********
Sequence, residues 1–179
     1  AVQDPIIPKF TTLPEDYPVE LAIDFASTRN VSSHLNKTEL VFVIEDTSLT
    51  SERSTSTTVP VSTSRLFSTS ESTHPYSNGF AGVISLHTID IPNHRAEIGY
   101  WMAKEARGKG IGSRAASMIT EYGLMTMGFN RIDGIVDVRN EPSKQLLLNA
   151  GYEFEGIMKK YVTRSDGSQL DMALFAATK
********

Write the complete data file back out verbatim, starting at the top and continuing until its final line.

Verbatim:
Sequence, residues 1–179
     1  AVQDPIIPKF TTLPEDYPVE LAIDFASTRN VSSHLNKTEL VFVIEDTSLT
    51  SERSTSTTVP VSTSRLFSTS ESTHPYSNGF AGVISLHTID IPNHRAEIGY
   101  WMAKEARGKG IGSRAASMIT EYGLMTMGFN RIDGIVDVRN EPSKQLLLNA
   151  GYEFEGIMKK YVTRSDGSQL DMALFAATK